Clematis is a genus of woody flowering vines with a climbing and spreading growth habit. According to Purdue University, there are many species and numerous cultivars and hybrids of clematis, and not all of these are treated the same way with regard to pruning. There are three main classes of clematis when it comes to pruning: Type 1, Type 2 and Type 3, based on when they flower and if they flower on new or old wood. Autumn pruning is reserved for Type 2 clematis plants after their second flowering in the late summer and early fall, according to the University of Illinois. Commonly planted Type 2 clematis species and cultivars include: ‘The President,’ ‘Vino,’ ‘Anne-Louise,’ ‘Arctic Queen,’ ‘Bees Jubilee,’ ‘Crystal Fountain’ and ‘Rosemoor.’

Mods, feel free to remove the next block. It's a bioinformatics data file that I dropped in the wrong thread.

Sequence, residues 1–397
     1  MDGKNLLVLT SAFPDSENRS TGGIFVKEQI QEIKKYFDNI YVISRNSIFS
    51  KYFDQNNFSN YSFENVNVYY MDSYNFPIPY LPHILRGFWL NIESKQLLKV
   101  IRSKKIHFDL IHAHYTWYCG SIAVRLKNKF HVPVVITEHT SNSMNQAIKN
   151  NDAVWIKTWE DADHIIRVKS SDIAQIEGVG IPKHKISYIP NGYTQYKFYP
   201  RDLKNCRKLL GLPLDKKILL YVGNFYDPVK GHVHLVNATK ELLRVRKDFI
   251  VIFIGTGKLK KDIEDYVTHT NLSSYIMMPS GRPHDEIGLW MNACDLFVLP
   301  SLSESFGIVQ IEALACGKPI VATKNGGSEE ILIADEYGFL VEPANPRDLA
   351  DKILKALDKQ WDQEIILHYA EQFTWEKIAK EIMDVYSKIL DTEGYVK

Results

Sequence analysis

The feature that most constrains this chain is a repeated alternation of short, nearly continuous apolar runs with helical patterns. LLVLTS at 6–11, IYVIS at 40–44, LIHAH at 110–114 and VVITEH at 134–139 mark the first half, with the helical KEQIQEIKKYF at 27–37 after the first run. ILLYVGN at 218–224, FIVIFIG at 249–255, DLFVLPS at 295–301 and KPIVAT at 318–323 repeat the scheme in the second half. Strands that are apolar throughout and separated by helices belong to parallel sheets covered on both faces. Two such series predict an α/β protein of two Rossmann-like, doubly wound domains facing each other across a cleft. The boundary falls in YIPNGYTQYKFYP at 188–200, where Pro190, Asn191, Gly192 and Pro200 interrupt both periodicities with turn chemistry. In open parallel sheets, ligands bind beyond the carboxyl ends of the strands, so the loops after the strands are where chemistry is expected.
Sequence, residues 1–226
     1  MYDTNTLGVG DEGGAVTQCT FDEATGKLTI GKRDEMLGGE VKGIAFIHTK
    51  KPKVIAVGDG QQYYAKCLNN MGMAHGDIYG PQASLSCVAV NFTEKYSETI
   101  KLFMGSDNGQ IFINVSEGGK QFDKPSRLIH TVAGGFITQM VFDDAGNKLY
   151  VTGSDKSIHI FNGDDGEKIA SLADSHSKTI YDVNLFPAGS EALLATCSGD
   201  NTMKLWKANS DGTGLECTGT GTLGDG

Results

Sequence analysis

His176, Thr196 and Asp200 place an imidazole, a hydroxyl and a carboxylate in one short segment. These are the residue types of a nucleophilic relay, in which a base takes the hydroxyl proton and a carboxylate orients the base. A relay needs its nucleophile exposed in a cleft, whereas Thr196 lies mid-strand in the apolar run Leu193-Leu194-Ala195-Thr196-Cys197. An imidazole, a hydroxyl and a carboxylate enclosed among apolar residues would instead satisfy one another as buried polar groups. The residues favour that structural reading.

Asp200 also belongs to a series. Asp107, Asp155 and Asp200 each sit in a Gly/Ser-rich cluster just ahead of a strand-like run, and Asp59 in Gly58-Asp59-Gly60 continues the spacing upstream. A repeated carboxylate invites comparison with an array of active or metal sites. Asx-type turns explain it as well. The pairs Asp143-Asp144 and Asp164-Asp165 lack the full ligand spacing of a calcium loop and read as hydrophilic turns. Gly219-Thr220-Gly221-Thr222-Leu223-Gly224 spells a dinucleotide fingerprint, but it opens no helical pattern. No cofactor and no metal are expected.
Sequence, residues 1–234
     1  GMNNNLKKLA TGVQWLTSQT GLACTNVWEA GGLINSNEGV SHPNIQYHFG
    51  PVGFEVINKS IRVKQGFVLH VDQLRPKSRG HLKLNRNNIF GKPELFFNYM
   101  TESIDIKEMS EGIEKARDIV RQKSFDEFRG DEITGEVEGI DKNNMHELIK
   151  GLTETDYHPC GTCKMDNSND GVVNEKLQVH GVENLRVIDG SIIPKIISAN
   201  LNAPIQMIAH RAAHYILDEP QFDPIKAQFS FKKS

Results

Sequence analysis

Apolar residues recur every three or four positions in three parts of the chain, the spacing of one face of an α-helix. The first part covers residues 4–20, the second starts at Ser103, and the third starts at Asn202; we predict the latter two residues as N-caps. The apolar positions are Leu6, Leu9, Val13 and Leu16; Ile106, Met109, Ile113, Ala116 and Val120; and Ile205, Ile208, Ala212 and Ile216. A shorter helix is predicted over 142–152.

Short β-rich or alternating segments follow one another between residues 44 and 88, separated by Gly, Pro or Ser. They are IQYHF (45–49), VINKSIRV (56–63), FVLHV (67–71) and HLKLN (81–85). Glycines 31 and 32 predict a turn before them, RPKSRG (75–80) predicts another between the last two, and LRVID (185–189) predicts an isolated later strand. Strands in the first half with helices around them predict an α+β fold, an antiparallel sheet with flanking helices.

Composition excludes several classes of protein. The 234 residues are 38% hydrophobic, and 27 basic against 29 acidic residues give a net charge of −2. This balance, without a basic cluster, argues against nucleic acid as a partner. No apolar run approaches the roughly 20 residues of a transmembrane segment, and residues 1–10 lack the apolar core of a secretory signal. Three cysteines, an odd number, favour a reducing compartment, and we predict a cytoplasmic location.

Prune clematis vines very carefully, cutting one vine at a time and double-checking before you make each cut to ensure you are cutting the correct vine. Since clematis vines grow in a somewhat tangled mass, it is easy to make unintended cuts that sever portions of vines you might want to retain.
Extensive autumn pruning may reduce the amount of blooms that occur on old wood in the following spring. Limiting autumn pruning to just what is necessary will preserve the maximum amount of spring bloom on Type 2 clematis species and cultivars.